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Company is a 2002 Indian crime-thriller film directed by Ram Gopal Varma. The film stars Mohanlal, Ajay Devgn, Vivek Oberoi, Manisha Koirala, and Antara Mali in pivotal roles. It is a fictional exposé of the Mumbai underworld, loosely based on the Indian mafia organization D-Company, known to be run by Dawood Ibrahim. It is the second film in the Indian Gangster trilogy, and a sequel to the blockbuster Satya. Upon release, the film received positive reviews from critics as well as audience, having won seven Filmfare Awards; three IIFA Awards, and went on to become one of the highest grossing Bollywood film(s) of 2002.

Film poster
Directed byRam Gopal Varma
Produced byRam Gopal Varma
C. Ashwini Dutt
Boney Kapoor
Written byJaideep Sahni
Ajay Devgn
Manisha Koirala
Seema Biswas
Antara Mali
Vivek Oberoi
Ashraful Haque
Narrated byMakrand Deshpande
Music bySandeep Chowta
CinematographyHemant Chaturvedi
Edited byChandan Arora
Varma Corporation
Vyjayanthi Movies
Release date
  • 12 April 2002 (2002-04-12)
  • 14 October 2004 (2004-10-14)
(Austin Film Festival)
Running time
155 minutes
Budget9.5 crore (equivalent to 26 crore or US$3.6 million in 2017)
Box office25.02 crore (equivalent to 68 crore or US$9.5 million in 2017)[1]

The film highlights the infrastructure of the Indian mafia organization. Company received critical acclaim at the Austin Film Festival, New York Asian Film Festival, and the Fribourg International Film Festival.[2][3] British director Danny Boyle cited the trilogy as influences on his Academy Award-winning film Slumdog Millionaire (2008), for their "slick, often mesmerizing portrayals of the Mumbai underworld", their display of "brutality and urban violence", and their gritty realism.[4][5][6]



The story revolves around a young man named Chandu (Chandrakant Nagre) (Vivek Oberoi) joining the world of crime in the Mumbai underworld to "make it big" someday. Gradually he learns the tricks of the trade and increases the gang's earnings and profits. This leads to his affinity with Malik (Ajay Devgn), the leader of the gang. The film features one cold-blooded murder scene in which Malik and Chandu kill Saeed and his brother Anis in the rear seat of the car on a chilling rainy day. Thereafter Malik goes on a bloody rampage killing all his opponents, to take the reins of underworld in his hands. In this stage, Malik says a prominent dialogue "Sab ganda hai par dhanda hai yeh" (It's all dirty, but it's business).

His rival gang leader and colleague under Aslam's umbrella Sharma, who was in a meeting with police inspector Rathod, is killed off. Inspector Rathod, who once tortured and abused Chandu in jail in early days, is killed at Malik's permission. However, both come at loggerheads during the execution of a contract killing. Chandu stops the deliberate vehicle crash and falls from Malik's favor. The contract was from a politician who tries to use Malik's gang to eliminate a front-runner, a contender for Home Minister's post. The assassination (a staged truck-car collision) takes place in spite of Chandu's emotional misdemeanor since Malik, not relying on Chandu anymore, gives direct orders. The rift between Chandu and Malik widens due to misunderstandings. The Commissioner of Police, Sreenivasan IPS (Mohanlal) uses the rift to bring the mafia under control. Chandu and Malik end up becoming bitter enemies. After Chandu's retaliation of the assassination of his lifelong friend of one of lieutenants Warsi, two factions of Mumbai's once most powerful gang 'Company' went to a full-scale war.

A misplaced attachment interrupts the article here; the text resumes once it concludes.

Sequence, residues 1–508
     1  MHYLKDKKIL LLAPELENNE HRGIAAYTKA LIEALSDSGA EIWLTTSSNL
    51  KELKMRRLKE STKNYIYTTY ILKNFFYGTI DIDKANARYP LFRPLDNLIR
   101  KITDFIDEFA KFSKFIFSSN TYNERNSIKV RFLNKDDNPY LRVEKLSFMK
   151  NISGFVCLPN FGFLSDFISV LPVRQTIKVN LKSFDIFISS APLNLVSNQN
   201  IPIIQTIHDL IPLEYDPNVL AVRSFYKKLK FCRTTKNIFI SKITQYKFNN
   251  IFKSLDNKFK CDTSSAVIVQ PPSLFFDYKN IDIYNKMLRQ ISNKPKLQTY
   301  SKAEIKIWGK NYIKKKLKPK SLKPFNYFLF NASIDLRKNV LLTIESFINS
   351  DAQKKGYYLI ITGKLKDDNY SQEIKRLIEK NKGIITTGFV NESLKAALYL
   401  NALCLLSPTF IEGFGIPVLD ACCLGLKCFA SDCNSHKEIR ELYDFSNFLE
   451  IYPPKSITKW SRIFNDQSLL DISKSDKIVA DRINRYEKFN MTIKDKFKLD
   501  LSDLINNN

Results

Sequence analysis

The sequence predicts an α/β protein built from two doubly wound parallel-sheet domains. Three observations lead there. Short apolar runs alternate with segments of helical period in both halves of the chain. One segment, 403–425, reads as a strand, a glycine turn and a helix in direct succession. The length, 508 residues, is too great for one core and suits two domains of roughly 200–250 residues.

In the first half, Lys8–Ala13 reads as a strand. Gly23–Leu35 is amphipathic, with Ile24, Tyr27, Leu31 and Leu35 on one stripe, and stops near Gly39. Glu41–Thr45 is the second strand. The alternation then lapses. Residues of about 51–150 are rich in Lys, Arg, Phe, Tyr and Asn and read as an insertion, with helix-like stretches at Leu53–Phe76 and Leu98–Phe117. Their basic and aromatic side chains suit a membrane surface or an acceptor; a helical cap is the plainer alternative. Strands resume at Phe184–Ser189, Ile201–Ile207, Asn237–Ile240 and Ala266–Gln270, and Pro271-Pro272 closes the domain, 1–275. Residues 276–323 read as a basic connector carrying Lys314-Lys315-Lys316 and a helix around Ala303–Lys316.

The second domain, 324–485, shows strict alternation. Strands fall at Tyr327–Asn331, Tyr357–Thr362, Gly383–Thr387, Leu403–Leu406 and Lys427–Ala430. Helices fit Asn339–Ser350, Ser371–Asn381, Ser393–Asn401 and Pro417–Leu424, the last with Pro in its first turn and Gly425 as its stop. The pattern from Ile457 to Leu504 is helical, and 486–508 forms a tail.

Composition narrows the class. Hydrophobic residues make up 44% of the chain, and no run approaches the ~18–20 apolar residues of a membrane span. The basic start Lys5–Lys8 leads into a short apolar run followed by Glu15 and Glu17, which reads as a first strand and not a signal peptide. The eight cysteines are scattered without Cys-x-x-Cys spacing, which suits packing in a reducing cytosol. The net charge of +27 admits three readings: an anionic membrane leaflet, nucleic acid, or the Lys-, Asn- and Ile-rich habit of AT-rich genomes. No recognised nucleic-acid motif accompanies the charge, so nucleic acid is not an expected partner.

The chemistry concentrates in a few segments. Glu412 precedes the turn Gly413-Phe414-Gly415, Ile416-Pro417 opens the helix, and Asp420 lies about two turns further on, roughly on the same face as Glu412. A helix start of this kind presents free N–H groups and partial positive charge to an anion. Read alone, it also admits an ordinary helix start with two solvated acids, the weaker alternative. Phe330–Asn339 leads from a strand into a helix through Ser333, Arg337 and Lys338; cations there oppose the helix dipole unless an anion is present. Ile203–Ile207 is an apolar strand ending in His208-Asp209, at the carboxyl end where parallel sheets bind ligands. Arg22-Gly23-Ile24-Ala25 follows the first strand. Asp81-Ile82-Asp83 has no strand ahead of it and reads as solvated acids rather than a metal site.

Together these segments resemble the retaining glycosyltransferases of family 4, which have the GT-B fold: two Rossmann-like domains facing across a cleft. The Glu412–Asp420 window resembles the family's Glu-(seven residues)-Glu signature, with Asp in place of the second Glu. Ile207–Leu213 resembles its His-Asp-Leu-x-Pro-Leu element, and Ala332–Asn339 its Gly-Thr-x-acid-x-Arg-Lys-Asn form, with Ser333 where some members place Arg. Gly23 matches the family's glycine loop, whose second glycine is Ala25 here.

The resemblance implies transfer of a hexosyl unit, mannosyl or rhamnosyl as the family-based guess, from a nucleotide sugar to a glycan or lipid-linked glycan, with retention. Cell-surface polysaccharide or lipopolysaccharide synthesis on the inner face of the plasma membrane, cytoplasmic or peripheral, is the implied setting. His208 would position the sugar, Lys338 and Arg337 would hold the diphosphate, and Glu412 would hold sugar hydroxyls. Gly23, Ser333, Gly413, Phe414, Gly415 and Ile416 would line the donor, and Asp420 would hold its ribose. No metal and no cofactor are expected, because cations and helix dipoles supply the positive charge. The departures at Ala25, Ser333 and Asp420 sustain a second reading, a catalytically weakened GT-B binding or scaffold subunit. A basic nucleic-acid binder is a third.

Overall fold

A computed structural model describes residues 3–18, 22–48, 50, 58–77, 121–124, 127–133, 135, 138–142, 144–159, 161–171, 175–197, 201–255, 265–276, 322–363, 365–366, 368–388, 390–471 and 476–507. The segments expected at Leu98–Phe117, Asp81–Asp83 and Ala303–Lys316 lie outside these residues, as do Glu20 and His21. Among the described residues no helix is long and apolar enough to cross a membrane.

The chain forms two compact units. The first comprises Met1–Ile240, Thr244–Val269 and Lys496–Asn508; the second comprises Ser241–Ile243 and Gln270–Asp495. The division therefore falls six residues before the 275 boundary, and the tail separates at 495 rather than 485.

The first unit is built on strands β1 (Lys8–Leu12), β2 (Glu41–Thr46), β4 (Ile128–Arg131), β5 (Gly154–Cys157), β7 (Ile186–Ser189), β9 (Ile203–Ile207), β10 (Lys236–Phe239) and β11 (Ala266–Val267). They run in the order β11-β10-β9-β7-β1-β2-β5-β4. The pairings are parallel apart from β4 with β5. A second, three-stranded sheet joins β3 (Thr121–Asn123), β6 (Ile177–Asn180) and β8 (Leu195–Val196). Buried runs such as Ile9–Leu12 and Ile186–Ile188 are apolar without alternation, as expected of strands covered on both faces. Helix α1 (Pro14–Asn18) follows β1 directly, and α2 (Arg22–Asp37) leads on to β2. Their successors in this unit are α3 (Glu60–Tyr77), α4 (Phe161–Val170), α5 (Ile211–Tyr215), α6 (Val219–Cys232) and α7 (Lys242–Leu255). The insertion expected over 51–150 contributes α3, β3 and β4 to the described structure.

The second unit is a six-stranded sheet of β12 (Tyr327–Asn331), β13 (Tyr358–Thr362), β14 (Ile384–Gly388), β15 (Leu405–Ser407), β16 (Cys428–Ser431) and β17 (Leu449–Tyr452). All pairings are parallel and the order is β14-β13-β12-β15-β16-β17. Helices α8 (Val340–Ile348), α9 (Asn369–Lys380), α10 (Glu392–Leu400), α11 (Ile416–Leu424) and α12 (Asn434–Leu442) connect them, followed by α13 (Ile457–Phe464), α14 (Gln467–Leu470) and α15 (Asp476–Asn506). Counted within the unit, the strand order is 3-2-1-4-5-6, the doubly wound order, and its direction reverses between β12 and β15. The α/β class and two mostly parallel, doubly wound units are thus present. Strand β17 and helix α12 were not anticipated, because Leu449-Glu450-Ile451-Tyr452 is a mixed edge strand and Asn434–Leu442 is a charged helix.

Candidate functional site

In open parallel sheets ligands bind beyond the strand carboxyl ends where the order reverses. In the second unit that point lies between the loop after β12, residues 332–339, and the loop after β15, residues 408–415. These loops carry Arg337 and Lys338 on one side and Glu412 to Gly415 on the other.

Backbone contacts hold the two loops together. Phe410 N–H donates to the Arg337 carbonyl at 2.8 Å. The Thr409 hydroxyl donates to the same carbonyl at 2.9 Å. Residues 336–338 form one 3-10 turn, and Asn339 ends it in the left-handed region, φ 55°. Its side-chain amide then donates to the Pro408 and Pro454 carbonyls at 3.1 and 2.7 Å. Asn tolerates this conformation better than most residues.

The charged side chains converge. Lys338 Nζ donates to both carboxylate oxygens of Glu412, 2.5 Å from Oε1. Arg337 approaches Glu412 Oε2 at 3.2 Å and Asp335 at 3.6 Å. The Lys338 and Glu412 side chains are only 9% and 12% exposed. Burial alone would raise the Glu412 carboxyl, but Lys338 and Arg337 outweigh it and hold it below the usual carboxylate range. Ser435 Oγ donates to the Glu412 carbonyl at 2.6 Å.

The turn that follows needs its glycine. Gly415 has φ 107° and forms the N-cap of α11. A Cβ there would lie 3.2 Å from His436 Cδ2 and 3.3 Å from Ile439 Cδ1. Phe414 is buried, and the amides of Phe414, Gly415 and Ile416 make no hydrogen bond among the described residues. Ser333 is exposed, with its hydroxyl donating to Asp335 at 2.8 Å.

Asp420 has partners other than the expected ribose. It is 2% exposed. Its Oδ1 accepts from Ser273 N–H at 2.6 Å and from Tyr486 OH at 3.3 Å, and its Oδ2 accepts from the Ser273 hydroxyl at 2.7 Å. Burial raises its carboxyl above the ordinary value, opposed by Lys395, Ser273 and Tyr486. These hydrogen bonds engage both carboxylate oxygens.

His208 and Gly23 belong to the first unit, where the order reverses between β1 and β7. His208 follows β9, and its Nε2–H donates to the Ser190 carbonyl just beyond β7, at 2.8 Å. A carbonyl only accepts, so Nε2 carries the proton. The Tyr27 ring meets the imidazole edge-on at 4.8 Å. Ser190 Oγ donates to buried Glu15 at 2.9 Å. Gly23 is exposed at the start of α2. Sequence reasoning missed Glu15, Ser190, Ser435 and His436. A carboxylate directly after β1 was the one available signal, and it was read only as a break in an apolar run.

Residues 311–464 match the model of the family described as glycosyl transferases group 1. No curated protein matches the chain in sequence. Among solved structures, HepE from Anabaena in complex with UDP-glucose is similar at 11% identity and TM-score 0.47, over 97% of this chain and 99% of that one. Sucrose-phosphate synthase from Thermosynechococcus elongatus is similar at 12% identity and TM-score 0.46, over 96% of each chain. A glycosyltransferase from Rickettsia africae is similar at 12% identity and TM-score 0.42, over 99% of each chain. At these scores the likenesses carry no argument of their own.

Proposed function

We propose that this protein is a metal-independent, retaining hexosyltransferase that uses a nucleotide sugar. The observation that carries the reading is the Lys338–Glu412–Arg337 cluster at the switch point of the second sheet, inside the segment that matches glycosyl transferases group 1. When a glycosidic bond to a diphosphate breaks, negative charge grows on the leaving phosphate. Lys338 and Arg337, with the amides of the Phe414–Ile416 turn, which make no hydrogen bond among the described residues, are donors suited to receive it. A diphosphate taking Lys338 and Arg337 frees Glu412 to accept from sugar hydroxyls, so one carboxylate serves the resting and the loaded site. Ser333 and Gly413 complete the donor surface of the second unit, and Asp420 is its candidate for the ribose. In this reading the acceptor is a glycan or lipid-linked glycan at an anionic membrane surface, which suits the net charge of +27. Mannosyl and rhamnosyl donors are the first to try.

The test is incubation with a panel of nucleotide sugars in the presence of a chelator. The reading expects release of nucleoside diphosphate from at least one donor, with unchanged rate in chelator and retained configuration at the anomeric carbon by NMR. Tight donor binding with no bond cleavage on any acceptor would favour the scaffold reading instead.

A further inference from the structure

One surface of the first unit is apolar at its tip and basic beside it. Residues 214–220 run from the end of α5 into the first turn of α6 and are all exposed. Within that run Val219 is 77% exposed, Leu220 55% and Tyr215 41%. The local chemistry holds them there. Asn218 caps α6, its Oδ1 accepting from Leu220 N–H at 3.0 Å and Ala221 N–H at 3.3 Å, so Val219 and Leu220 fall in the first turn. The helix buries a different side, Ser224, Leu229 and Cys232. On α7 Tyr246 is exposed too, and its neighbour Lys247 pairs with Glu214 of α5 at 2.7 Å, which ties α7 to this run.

Malik and Chandu killed as many members of each opponent gangs as possible. Sreenivasan, as the police chief of murders due to the war, became criticized greatly. But he and his men knew this war ultimately is shortening the to-do list of his department. Big numbers of button men and lieutenants from the gangs were being killed. The war results in an intense chase sequence shot in Kenya where Malik hires hitmen to kill Chandu. Chandu survives, though he is injured severely. Sreenivasan convinces Chandu to come back to Mumbai and fight his war with Malik by helping the police bring the mafia under control.

In the climax, Chandu kills the politician (the mastermind of the contract killing) in prison. At the same time, one of Chandu's aides, Koda Singh, who swore revenge to kill who went against his friend Chandu, shoots Malik point blank to death in Hong Kong. Chandu and Malik came to a truce but Chandu never withdrew his order to Koda to kill Malik. It's not confirmed that whether Chandu has forgotten to withdraw his orders or deliberately kept that on. After the assassination, Sreenivasan notified Chandu and Chandu became tremendously shocked at this news. Koda Singh was arrested by suspicion by Hong Kong police on that day. The ends shows Chandu spending the rest of his life in prison after being persuaded by the Police Commissioner to surrender.



Company marked Malayalam actor Mohanlal's debut in Bollywood.[7]


Critical receptionEdit

Company received universal critical acclaim. Alok Kumar of Planet Bollywood gave the movie 9.5 stars out of 10, saying that "Varma has brought his audience yet another innovative and enjoyable film. Company should prove to be a sound investment of time and effort for all those involved."[8]

Arpan Panicker of Full Hyderabad gave the movie an 8.0 rating (out of 10) and commented that "With powerful performances, especially from the three lead actors, Company turns out to be a masterpiece you won't forget in a hurry."[9]

N.K. Deoshi of gave 4 out of 5 stars, calling Company "a sleek, fast-paced thriller replete with violence and authentic Mumbai lingo."[10]

Taran Adarsh of Bollywood Hungama gave 3 stars out of 5, saying that "On the whole, COMPANY is amongst Ramgopal Varma's finest works. A stylishly narrated tale, the film will win plaudits and reap a rich harvest at the box-office for its hard-hitting content."[11]